I Have A Will, What More Do I Need?
By Jordan Cypert
Many people believe that making a Will takes care of their family and completes the estate planning process, but good planning needs to include planning for a potential period of incapacity as well as death. Proper lifetime planning can avoid uncertainty and possible conflict within the family regarding what to do during your incapacity. This article discusses the importance of lifetime planning documents setting forth your desires regarding what happens if you become incapacitated: that is, who makes the decisions and carries out the decisions already made by you, and what decisions they can make.
Statutory Durable Power of Attorney
If you become incapacitated, managing your financial affairs may become a tall order. In order to avoid the considerable expense as well as the headaches that come with establishing a guardianship, a Statutory Durable Power of Attorney needs to be in place. The Statutory Durable Power of Attorney is a very powerful document designed to allow the designated person to manage your financial affairs. This includes the ability to write checks on your accounts, transfer real estate, and any other financial transactions within his or her power. However, you can control what powers the designated person has through proper drafting of the document. Additionally, while your agent may have broad powers over your financial affairs, the agent must always act in your best interest or be accountable to you or your estate. Nevertheless, because you usually give your agent absolute access to your assets, your agent needs to be a person you trust completely.
Medical Power of Attorney
What if incapacity or an injury prevents you from making decisions regarding your medical needs? The Medical Power of Attorney allows the designated person to consent to medical care on your behalf should you suffer an injury or become mentally disabled. The Medical Power of Attorney is designed to become effective if you become unable to make your own decisions and your physician certifies that fact in writing. The agent for health care can decide who will be the attending physician, what hospital will be used as well as consent to surgery and to drug therapies. This power is only effective during a time of incapacity, which could be from a short period of time to indefinitely. For example, if you are unconscious and rushed to the hospital, the agent under your Medical Power of Attorney would make all medical decisions for you during this time. Once you regain consciousness, this power is no longer effective and you would make your own medical decisions unless you later become incapacitated. Clients typically name their spouse, parents or siblings to make these medical decisions for them. You can name your agents to act individually or jointly in any order you choose.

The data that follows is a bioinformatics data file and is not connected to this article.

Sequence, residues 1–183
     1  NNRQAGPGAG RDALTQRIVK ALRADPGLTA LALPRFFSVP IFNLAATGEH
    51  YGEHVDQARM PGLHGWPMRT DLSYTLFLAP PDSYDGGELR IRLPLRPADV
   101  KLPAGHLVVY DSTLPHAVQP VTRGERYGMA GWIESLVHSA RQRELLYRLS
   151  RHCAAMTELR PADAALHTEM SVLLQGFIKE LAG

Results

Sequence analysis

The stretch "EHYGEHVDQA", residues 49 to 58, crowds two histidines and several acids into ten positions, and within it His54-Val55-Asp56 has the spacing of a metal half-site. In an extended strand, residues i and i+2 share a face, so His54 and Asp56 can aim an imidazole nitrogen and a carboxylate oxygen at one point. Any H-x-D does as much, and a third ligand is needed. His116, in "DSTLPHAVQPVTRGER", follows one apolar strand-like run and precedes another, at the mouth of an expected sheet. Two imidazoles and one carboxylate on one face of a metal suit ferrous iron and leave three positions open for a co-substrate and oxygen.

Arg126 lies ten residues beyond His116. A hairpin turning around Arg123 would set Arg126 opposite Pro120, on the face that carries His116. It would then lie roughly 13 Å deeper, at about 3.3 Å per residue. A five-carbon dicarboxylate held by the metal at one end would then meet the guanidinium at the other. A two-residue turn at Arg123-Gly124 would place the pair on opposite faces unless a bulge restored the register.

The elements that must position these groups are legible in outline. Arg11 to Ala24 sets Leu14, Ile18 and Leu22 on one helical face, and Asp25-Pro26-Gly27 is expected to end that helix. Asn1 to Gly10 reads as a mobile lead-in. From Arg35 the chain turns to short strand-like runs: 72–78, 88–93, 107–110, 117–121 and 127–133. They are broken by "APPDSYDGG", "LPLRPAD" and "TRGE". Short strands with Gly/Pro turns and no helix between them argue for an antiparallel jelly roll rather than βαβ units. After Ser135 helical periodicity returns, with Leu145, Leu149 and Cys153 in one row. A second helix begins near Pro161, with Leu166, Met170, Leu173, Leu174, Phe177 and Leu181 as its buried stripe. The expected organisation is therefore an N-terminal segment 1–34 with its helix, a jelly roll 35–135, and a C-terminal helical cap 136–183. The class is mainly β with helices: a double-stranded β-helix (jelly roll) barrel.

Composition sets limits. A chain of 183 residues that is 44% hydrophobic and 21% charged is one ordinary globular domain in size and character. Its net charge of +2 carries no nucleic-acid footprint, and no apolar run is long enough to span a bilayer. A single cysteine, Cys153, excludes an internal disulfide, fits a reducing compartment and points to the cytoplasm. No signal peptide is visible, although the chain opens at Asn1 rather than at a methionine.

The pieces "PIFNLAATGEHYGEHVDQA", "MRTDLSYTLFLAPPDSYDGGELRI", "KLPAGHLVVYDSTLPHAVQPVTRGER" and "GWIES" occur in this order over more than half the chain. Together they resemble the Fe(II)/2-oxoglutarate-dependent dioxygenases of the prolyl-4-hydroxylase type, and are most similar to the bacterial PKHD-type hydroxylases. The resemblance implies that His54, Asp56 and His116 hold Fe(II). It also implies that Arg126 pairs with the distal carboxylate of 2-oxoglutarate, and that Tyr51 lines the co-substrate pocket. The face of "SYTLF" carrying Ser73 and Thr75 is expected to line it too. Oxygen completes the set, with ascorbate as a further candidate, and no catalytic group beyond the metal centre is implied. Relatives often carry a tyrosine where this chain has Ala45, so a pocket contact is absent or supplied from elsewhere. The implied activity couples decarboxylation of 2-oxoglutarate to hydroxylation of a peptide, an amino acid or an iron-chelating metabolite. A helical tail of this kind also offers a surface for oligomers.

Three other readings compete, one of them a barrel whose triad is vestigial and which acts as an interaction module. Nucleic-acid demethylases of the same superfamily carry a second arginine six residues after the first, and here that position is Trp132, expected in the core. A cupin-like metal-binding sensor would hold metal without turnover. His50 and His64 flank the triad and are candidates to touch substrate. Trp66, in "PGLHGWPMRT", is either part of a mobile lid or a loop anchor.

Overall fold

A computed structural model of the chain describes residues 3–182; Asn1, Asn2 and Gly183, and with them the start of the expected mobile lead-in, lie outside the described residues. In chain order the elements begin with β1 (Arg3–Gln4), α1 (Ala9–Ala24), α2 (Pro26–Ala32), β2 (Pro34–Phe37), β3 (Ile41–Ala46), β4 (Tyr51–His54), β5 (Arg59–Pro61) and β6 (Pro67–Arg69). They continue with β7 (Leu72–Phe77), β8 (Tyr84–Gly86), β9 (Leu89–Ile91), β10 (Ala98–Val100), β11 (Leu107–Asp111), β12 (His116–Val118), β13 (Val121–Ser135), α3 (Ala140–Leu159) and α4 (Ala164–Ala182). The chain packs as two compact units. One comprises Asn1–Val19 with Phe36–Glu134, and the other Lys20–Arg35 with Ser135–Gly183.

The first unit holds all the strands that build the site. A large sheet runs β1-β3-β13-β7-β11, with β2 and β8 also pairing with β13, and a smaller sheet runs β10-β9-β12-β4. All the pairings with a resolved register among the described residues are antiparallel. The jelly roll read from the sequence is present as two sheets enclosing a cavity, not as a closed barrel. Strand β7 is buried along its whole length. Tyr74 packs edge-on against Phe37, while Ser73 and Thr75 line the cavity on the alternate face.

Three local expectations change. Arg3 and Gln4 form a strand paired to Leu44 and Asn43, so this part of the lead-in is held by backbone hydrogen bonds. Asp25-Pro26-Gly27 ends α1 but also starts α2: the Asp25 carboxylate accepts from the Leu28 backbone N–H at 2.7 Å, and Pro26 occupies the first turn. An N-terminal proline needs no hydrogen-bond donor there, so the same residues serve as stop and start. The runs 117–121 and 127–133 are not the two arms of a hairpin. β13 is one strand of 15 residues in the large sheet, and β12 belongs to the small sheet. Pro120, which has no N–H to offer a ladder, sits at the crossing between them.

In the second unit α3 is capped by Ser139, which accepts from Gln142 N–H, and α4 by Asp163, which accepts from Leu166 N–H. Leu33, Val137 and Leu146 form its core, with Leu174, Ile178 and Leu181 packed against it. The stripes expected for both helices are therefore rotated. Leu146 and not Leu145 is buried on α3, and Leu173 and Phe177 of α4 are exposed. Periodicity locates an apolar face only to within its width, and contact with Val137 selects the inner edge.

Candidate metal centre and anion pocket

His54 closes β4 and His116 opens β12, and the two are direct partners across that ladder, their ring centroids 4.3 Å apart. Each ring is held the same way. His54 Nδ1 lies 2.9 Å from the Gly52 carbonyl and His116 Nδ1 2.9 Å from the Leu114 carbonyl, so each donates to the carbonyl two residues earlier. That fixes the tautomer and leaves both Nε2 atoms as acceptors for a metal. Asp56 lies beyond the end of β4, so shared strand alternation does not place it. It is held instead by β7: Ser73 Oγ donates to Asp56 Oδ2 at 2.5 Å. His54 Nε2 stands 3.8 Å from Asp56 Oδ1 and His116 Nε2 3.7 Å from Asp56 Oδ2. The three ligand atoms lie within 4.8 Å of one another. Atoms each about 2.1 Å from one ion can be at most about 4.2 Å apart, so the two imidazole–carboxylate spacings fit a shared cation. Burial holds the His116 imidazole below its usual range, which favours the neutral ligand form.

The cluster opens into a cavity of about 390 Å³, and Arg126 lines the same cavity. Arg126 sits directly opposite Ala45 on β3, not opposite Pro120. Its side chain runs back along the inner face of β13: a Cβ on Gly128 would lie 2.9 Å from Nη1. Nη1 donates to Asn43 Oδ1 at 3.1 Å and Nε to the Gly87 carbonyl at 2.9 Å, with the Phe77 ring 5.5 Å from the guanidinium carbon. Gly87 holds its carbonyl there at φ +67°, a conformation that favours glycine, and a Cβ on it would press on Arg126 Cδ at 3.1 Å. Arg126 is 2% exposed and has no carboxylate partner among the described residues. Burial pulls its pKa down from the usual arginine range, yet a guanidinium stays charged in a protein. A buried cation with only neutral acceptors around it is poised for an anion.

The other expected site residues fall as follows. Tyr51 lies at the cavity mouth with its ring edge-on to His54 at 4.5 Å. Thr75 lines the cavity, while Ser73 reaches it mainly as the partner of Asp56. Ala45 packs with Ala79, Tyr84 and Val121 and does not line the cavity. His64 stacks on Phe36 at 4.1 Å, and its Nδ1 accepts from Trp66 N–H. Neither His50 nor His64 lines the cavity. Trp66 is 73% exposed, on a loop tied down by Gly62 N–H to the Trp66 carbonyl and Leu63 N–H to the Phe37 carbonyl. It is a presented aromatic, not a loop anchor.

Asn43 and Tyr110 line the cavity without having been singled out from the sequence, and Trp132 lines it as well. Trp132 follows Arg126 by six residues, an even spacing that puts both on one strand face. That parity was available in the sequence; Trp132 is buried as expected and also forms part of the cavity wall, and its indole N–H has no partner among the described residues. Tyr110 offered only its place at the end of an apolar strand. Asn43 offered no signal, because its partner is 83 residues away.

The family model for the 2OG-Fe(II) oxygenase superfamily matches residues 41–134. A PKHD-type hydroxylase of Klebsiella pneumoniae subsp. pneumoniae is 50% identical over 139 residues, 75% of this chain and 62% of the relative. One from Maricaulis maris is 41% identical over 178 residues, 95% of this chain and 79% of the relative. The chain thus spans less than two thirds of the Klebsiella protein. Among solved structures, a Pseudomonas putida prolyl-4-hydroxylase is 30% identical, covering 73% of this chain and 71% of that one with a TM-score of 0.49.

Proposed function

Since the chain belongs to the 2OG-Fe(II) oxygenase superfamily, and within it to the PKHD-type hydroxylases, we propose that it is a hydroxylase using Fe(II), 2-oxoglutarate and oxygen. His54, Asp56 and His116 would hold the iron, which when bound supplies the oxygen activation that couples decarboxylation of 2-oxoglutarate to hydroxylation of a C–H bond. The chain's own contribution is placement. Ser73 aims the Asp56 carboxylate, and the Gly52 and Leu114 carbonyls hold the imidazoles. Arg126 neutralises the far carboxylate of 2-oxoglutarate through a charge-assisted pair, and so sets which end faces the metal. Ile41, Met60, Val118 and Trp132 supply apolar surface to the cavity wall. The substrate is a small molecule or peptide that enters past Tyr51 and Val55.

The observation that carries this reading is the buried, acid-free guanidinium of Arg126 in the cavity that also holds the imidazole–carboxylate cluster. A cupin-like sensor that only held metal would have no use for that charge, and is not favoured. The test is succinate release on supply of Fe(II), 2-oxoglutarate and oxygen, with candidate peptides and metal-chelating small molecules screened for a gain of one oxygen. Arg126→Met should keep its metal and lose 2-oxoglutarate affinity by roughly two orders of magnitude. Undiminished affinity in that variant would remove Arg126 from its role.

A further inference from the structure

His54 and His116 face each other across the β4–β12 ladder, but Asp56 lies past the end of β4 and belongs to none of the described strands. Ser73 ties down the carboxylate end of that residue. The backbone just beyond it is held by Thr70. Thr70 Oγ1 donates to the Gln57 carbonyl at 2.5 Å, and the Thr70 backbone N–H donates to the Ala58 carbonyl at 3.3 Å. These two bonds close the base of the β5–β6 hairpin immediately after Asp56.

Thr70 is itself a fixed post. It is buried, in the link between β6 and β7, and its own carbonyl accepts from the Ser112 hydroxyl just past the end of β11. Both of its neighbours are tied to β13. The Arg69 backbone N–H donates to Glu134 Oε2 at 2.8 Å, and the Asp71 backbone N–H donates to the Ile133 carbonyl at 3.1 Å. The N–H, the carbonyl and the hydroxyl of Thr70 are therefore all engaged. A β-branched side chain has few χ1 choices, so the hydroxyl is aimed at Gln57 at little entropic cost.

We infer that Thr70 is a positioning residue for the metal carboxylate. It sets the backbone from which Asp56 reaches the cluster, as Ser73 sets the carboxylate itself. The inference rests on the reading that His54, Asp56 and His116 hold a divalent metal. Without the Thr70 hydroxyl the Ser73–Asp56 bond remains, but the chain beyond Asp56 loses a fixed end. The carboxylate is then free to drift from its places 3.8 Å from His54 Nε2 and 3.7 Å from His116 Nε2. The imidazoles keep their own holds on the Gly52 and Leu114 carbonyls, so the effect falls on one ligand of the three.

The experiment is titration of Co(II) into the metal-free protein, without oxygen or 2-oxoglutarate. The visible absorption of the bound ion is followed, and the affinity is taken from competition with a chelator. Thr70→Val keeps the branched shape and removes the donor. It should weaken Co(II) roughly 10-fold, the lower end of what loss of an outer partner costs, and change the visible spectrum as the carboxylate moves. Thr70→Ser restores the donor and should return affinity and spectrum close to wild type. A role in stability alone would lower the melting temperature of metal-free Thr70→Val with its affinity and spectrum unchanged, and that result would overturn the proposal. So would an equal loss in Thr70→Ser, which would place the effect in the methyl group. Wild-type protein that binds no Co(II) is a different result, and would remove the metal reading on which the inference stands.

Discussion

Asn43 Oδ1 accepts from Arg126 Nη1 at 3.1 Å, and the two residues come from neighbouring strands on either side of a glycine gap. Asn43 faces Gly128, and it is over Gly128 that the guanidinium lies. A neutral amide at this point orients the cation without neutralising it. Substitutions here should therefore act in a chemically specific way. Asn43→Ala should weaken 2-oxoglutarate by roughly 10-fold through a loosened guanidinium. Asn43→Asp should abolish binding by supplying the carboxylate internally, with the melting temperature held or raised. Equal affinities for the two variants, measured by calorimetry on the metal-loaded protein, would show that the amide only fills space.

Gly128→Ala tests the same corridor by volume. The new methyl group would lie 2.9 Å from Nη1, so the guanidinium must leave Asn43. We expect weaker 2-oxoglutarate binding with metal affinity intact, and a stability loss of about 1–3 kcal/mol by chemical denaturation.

Living Will or Directive to Physicians
So how do you give the physicians and your family direction when the medical decisions get really tough? The Living Will (also known as a "Directive to Physicians and Family or Surrogates" or an "Advanced Directive") allows you to make certain choices regarding the types of medical treatments that will be provided to you in the event of a terminal illness or an irreversible condition, such as failure of major organs or serious brain damage. The key is you and you alone make the decision to withdraw life-sustaining treatment in your Living Will before the need arises. As such, this document is not as much for your benefit as it is for the loved ones you leave behind. Without this document, your spouse or a family member will have to make the difficult decision of whether to discontinue your life-sustaining treatment. The decision to withdraw life support is hard enough on them, but being second-guessed by others can be overwhelming.
With proper planning, you can avoid uncertainty and conflicts by carefully planning your affairs while you have the capacity to do so. Once you are incapacitated in the eyes of the court, you no longer have the opportunity to execute these documents and a court appointed guardian would be your only option. A little planning now will go a long way to making sure your financial and medical needs are met if the need arises.
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